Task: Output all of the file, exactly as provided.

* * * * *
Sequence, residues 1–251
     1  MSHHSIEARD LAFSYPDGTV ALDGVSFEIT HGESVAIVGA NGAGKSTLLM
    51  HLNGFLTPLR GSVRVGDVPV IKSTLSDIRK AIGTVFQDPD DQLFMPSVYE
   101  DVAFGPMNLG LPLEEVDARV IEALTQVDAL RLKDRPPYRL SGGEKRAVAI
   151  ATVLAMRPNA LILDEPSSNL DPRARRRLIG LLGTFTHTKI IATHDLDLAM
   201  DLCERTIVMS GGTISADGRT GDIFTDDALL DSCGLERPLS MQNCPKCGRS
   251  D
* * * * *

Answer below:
Sequence, residues 1–251
     1  MSHHSIEARD LAFSYPDGTV ALDGVSFEIT HGESVAIVGA NGAGKSTLLM
    51  HLNGFLTPLR GSVRVGDVPV IKSTLSDIRK AIGTVFQDPD DQLFMPSVYE
   101  DVAFGPMNLG LPLEEVDARV IEALTQVDAL RLKDRPPYRL SGGEKRAVAI
   151  ATVLAMRPNA LILDEPSSNL DPRARRRLIG LLGTFTHTKI IATHDLDLAM
   201  DLCERTIVMS GGTISADGRT GDIFTDDALL DSCGLERPLS MQNCPKCGRS
   251  D